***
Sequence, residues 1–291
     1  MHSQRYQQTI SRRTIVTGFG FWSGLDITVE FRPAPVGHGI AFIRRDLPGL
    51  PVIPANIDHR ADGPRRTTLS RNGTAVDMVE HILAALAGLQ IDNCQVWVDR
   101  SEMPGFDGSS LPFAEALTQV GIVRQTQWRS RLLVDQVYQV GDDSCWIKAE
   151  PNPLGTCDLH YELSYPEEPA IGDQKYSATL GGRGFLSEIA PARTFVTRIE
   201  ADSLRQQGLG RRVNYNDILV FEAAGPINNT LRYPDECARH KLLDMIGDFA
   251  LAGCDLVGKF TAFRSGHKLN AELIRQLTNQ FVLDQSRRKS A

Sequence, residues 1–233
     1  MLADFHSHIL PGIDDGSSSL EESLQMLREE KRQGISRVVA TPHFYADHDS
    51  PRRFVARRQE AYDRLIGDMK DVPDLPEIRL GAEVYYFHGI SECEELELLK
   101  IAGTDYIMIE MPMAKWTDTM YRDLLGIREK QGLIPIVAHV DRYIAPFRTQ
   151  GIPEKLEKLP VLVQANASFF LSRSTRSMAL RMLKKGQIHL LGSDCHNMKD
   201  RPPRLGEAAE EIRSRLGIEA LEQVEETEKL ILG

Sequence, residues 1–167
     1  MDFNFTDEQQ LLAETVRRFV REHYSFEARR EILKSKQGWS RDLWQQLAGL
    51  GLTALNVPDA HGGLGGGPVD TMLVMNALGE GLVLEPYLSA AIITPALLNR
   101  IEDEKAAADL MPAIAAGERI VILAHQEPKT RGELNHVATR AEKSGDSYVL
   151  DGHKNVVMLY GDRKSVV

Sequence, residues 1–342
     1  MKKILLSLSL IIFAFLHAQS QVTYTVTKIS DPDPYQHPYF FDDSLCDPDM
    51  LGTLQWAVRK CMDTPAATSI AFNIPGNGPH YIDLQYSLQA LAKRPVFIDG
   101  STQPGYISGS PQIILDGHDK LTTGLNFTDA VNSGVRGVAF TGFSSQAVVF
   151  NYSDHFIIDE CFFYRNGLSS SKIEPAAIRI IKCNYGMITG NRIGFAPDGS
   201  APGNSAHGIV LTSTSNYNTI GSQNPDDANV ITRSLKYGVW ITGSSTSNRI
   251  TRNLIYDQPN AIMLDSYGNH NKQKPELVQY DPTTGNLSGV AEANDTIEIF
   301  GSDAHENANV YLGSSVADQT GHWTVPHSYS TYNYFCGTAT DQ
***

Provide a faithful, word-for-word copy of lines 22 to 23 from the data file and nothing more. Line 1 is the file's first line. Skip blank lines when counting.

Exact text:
   101  STQPGYISGS PQIILDGHDK LTTGLNFTDA VNSGVRGVAF TGFSSQAVVF
   151  NYSDHFIIDE CFFYRNGLSS SKIEPAAIRI IKCNYGMITG NRIGFAPDGS